Er­doğan re­bukes US se­cu­rity ad­viser

Cyprus Today - - TURKEY -

TUR­KEY’S Pres­i­dent Re­cep Tayyip Er­doğan re­buked Wash­ing­ton’s na­tional se­cu­rity ad­viser on Tues­day for de­mand­ing that his coun­try not at­tack Kur­dish fighters in Syria, ac­cus­ing him of com­pli­cat­ing Pres­i­dent Don­ald Trump’s plan to with­draw US troops.

Mr Er­doğan said John Bolton, who held talks with Turk­ish of­fi­cials in Ankara on Tues­day but left with­out meet­ing the pres­i­dent, “made a se­ri­ous mis­take” in set­ting con­di­tions for Tur­key’s mil­i­tary role af­ter the US pull out.

The re­buke high­lights the dif­fi­cul­ties in im­ple­ment­ing Mr Trump’s goal of bring­ing home some 2,000 US troops sta­tioned in Syria. Mr Trump’s plan, clouded by mixed mes­sages from the pres­i­dent and his ad­min­is­tra­tion, hinges on Turk­ish co­op­er­a­tion to se­cure a huge swathe of north-east Syria as the United States de­parts.

Mr Bolton made the case to Turk­ish of­fi­cials for the need for guar­an­tees that US-backed Kur­dish fighters in the cam­paign against Is­lamic State would not be harmed af­ter a US with­drawal, a se­nior US of­fi­cial said. But there were no signs of any agree­ment be­tween the two North At­lantic Treaty Or­gan­i­sa­tion part­ners, whose re­la­tions have been strained over Syria and other is­sues.

Mr Trump’s abrupt an­nounce­ment last month sparked con­cern among of­fi­cials in Wash­ing­ton and some Western al­lies, and was a ma­jor fac­tor in De­fence Sec­re­tary Jim Mat­tis’ de­ci­sion to re­sign. It also alarmed the YPG, Wash­ing­ton’s main part­ner against Is­lamic State in Syria.

But the plan was lauded by Ankara. Tur­key con­sid­ers the YPG a ter­ror­ist or­gan­i­sa­tion and an ex­ten­sion of the out­lawed Kur­dis­tan Work­ers’ Party (PKK), which has waged a three-decade in­sur­gency in its largely Kur­dish south-east. Wash­ing­ton’s sup­port for the mili­tia has in­fu­ri­ated Tur­key.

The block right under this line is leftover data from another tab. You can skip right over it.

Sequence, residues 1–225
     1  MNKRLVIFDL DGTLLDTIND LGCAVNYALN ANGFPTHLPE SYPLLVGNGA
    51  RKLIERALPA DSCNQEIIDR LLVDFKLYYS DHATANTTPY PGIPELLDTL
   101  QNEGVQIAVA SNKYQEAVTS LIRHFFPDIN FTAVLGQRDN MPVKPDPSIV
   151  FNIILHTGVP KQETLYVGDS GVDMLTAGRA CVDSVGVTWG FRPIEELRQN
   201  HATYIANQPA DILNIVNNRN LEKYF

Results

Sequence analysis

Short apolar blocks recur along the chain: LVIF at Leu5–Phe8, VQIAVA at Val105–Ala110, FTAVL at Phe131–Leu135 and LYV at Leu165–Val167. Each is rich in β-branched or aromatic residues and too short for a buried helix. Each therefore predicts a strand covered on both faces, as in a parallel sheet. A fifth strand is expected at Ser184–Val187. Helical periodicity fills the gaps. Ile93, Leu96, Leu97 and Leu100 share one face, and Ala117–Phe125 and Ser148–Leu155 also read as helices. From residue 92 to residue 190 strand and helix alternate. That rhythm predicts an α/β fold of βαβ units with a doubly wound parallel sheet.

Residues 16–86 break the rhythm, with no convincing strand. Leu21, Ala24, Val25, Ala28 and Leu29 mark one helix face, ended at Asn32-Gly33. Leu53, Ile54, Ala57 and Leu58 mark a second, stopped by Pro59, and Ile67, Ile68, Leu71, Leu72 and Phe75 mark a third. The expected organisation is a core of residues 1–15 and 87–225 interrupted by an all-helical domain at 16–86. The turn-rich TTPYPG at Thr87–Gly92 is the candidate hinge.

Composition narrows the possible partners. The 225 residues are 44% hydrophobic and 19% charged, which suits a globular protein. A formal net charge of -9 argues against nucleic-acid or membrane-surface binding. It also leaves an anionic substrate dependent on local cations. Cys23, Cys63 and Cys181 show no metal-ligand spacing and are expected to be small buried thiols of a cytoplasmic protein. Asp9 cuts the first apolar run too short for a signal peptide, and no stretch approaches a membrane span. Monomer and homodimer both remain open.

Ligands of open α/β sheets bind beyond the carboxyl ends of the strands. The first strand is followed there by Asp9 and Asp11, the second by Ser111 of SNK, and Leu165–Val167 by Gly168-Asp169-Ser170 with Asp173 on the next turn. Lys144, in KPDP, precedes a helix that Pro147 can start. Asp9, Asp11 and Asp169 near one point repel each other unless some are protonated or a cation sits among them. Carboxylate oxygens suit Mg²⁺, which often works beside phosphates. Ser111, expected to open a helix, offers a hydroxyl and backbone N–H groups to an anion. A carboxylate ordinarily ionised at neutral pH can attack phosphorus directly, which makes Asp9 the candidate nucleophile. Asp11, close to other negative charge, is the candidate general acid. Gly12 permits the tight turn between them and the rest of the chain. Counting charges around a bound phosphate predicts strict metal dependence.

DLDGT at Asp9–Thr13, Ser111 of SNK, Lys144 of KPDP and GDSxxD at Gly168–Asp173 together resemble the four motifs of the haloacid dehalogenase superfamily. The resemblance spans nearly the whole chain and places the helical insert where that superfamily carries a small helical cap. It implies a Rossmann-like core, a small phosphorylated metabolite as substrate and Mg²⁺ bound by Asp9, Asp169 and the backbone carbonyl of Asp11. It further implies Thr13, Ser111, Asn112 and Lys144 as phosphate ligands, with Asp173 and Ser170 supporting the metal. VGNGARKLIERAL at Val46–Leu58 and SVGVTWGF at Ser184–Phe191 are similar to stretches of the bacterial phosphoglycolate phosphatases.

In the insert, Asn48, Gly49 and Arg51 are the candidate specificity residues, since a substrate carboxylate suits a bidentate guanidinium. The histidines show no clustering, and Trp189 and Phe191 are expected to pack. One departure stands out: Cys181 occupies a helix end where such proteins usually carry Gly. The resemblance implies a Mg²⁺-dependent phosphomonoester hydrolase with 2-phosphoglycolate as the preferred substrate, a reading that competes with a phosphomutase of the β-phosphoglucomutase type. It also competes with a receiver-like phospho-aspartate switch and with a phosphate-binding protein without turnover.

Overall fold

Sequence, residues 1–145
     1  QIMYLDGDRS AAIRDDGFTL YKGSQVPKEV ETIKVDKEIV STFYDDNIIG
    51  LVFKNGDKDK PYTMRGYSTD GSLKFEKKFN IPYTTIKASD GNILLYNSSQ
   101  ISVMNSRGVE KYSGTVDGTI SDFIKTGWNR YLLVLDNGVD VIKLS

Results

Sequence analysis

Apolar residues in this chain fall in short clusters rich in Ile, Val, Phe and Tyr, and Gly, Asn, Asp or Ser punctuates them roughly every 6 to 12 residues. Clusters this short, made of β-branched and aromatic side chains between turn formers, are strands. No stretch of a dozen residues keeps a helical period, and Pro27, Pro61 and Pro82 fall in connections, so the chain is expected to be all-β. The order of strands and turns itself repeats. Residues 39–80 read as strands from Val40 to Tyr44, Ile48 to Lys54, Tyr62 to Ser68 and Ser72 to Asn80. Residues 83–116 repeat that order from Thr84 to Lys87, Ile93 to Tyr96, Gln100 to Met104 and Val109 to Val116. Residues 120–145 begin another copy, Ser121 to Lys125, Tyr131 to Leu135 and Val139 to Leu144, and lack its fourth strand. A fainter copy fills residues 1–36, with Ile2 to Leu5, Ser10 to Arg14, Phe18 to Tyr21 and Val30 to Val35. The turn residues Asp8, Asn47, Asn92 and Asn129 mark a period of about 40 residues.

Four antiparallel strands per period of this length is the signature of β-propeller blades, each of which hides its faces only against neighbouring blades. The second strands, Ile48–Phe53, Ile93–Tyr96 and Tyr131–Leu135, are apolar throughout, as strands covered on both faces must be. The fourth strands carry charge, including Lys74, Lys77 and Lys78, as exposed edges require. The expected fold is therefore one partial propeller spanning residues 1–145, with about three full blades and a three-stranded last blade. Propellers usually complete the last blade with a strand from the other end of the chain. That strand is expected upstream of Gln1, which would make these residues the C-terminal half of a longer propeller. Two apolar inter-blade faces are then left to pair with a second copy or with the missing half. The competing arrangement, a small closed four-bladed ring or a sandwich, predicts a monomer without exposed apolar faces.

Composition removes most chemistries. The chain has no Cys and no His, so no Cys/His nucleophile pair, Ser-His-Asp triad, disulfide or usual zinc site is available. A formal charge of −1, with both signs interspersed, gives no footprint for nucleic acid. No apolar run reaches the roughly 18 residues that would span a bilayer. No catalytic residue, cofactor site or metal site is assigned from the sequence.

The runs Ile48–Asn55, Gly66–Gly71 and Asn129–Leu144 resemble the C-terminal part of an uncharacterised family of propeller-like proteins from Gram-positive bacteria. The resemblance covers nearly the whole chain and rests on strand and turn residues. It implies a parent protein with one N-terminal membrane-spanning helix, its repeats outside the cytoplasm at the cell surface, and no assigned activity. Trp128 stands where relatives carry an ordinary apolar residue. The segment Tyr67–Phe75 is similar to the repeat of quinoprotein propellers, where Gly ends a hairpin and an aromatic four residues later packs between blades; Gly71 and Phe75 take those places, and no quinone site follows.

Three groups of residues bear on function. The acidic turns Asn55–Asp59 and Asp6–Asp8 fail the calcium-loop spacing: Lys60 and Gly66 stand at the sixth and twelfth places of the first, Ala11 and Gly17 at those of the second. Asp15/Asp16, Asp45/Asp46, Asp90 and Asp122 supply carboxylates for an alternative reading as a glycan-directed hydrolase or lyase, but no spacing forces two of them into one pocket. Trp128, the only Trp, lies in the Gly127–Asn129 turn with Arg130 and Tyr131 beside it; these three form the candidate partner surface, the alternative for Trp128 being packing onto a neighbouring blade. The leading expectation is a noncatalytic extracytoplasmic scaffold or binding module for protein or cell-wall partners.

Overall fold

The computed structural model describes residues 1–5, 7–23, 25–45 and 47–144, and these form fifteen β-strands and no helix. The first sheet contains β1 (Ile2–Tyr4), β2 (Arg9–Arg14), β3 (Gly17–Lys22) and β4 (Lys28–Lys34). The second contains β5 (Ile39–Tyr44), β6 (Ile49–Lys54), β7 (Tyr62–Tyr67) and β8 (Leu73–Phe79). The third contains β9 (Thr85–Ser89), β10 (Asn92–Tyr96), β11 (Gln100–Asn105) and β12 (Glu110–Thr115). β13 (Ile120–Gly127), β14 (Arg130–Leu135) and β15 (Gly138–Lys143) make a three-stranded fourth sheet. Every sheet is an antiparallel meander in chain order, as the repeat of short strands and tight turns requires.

A se­nior Turk­ish of­fi­cial said Mr Bolton had asked to see Mr Er­doğan but his ear­lier re­marks may have been a fac­tor in the meet­ing not go­ing ahead. Mr Er­doğan later told re­porters there was no need for him to meet Mr Bolton.

In­stead, Mr Bolton met his Turk­ish coun­ter­part İbrahim Kalin as well as the deputy de­fence and for­eign min­is­ters, while on a quick tour to the re­gion to man­age fall­out from Mr Trump’s abrupt de­ci­sion on Syria.

Mr Bolton also told the Turk­ish of­fi­cials the US with­drawal would be done in a de­lib­er­ate and or­derly fash­ion and that at this point the United States had no plans to aban­don its Syria base at al-Tanf near the Iraqi bor­der, the se­nior US of­fi­cial said.

Ahead of Tues­day’s talks, Tur­key’s Hür­riyet news­pa­per said Ankara would ask US of­fi­cials ei­ther to hand over its mil­i­tary bases in Syria to Ankara or to de­stroy them. It cited un­spec­i­fied sources as say­ing Tur­key would not ac­cept the han­dover of what it said were 22 US mil­i­tary bases to the YPG.

A se­nior Turk­ish se­cu­rity of­fi­cial said last week Wash­ing­ton needed to al­low Tur­key to use its bases in Syria. Mr Kalin said Tur­key wanted the bases emp­tied and handed over to “lo­cal el­e­ments”.

Fol­low­ing the meet­ing, Mr Kalin said there was no slow­down in the US with­drawal from Syria and that Tur­key was fo­cused on what hap­pens to US bases in Syria and the weapons Wash­ing­ton has given the YPG.

On Wed­nes­day Sec­re­tary of State Mike Pom­peo said that de­spite Turk­ish threats against Wash­ing­ton’s Kur­dish al­lies in Syria the US troop with­drawal would not be scup­pered and promised to en­sure the Kurds would still be pro­tected.

Mr Pom­peo was meet­ing lead­ers in Iraq’s cap­i­tal and its semi­au­tonomous Kur­dis­tan re­gion, aim­ing to re­as­sure them about Wash­ing­ton’s plans for the with­drawal.

US Na­tional Se­cu­rity Ad­viser John Bolton and his Turk­ish coun­ter­part İbrahim Kalin meet at the Pres­i­den­tial Palace in Ankara on Tues­day

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